separate scripts vs a few larger general ones

Hi,

I would like to know if it is more advantageous to have a singular script that contains either one or very few (1-3) functions / classes  or have a larger scripts that contain more functions / classes. in each instance the functions / classes would be related and likely be required in the same documents but with the larger ones i would not nessecarily use everything within them where as the smaller ones i could just include the ones i need.

thoughts?

thanks in advanced?
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J NUnicorn wranglerAsked:
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Ray PaseurConnect With a Mentor Commented:
Here's the thing as I see it.  If I can have 10 classes in a single script and use include() (really, require_once() but they are essentially the same thing) in a deployed application, I will have better performance than if I have 10 auto-loaders.  OTOH, if I have 10 employees working in different locations on different classes, the auto-loaders will help ensure that the development environment always uses the latest versions of their classes.  The "build" process can usually leave the auto-loader in place, because once the large include() script is built, all of the classes will be declared when they are included, and the auto-loaders will not have to do numerous extra disk searches.

Does that make sense?  Really, I think once you see the output from YSlow you will see the concept very clearly.
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Ray PaseurCommented:
This question is a little like, "Should I date a blonde or a brunette?"  It depends on personal preference.  Here are my thoughts...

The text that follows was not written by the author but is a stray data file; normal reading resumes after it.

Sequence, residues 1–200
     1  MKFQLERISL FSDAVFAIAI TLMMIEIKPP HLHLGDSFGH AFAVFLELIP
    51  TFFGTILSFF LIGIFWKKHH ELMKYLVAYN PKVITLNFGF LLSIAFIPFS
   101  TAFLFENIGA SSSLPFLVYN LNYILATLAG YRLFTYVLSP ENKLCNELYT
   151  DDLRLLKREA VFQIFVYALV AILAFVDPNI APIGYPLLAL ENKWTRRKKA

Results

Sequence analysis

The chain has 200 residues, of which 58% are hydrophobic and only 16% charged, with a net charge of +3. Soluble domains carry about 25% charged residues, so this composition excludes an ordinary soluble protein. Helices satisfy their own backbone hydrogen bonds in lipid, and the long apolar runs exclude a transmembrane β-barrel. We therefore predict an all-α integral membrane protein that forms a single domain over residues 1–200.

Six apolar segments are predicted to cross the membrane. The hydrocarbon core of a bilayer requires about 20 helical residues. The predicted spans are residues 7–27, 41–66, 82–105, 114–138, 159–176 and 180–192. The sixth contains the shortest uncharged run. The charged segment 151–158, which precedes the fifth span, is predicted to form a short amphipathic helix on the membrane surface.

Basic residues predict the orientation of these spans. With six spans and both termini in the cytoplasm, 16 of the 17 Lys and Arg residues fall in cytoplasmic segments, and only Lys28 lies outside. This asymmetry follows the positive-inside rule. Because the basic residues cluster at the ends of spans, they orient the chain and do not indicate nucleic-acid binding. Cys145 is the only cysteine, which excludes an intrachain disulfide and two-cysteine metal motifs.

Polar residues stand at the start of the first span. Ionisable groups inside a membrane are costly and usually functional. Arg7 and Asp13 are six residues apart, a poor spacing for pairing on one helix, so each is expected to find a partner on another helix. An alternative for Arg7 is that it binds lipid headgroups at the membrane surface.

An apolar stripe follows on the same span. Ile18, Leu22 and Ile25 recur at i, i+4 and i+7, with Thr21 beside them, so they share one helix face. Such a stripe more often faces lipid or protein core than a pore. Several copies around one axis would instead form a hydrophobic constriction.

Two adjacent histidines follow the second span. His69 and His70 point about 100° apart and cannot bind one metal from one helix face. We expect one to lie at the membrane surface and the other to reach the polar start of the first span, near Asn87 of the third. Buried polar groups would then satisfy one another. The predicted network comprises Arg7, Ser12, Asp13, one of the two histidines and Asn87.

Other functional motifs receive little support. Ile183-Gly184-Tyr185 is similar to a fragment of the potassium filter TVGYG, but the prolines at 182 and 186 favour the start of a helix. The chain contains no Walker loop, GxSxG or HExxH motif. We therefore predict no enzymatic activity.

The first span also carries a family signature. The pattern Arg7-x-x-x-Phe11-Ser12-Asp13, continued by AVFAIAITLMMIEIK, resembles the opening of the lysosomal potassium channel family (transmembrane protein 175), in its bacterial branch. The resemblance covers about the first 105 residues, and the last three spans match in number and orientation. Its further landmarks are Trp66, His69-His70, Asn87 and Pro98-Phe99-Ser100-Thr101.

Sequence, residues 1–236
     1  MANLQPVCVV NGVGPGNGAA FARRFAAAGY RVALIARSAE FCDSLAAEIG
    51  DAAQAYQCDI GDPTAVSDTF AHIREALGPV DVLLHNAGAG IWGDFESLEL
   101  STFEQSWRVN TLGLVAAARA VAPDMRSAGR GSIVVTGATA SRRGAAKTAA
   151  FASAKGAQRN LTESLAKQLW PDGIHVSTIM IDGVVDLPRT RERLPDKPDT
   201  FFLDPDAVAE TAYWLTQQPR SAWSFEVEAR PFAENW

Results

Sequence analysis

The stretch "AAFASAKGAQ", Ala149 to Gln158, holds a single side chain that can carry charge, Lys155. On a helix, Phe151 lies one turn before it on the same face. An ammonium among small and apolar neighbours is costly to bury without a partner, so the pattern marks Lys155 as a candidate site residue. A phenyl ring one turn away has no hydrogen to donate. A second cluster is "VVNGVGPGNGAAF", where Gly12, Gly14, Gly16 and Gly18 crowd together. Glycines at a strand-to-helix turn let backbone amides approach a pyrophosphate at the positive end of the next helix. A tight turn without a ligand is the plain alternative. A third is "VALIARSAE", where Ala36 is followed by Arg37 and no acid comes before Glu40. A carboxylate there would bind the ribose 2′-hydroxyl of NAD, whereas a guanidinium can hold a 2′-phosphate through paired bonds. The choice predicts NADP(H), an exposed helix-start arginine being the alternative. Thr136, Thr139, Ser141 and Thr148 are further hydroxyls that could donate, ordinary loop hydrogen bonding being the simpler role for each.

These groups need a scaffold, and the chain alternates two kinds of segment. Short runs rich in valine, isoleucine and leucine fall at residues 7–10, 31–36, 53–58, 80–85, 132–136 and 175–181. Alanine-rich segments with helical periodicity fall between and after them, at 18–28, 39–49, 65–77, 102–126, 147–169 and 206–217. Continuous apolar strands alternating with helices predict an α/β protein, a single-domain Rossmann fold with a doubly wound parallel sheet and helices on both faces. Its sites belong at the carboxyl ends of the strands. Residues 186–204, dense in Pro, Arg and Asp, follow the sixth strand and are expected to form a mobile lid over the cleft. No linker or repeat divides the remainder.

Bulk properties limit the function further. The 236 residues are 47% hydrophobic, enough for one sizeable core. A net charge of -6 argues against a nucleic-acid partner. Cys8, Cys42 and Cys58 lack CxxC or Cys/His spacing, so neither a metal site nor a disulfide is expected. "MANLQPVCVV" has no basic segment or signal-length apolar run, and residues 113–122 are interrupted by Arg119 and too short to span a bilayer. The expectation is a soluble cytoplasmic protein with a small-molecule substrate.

1. Disk I/O operations take a lot of time -- up to 3 orders of magnitude more than in-memory operations.  It follows that autoloaders, numerous include() statements, and the like are expensive in deployed applications.  Visit any WordPress web site to see the effect.

2. Web sites that are built out of parts, but are deployed in combined scripts, can be much faster to load, but require more steps to maintain.  You have to make a "build" yourself -- the automation from autoloaders is not there.

Which do you want?  Fast or easy?
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J NUnicorn wranglerAuthor Commented:
Thanks!


fast vs easy is not really what im after im more concerned with efficiency. If a method is faster but requires me to cut corners than i am not interested. However, if fast means more efficient than that is exactly what i am looking at
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Dave BaldwinFixer of ProblemsCommented:
In loading time, fast always means more efficient.  However, putting common routines in 'include' files makes it much easier to maintain because you don't have to forget where you are using them.  Every time you edit or change the include file, the changes are automatically 'include'd in every page that uses it.
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Ray PaseurCommented:
fast vs easy is not really what im after
Grab a copy of YSlow and use it to analyze a couple of sites.  I recommend you analyze http://sscce.org and https://www.healthcare.gov to see and compare the behavior of each.  I'm not suggesting that you avoid all include() statements; I'm suggesting that one include() that loads many classes is w-a-a-a-y more efficient than having individual class autoloaders.  If you're not familiar with class autoloaders, read this and also look up Composer.  This is the way many high-level developers are organizing their work today.  I do not think a deployed application should be organized that way, and I think when you do your homework with YSlow you'll come to the same conclusion.
https://addons.mozilla.org/en-US/firefox/addon/yslow/
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J NUnicorn wranglerAuthor Commented:
Thanks Ray!

Im not loading very many libraries so i dont think i need to worry about composer. The only libraries i really use is jquery and bootstrap.


from what i gather you are suggesting i write a larger resource script and include it rather than individual classes and creating an autoloader function?
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J NUnicorn wranglerAuthor Commented:
Thanks a lot !!!!
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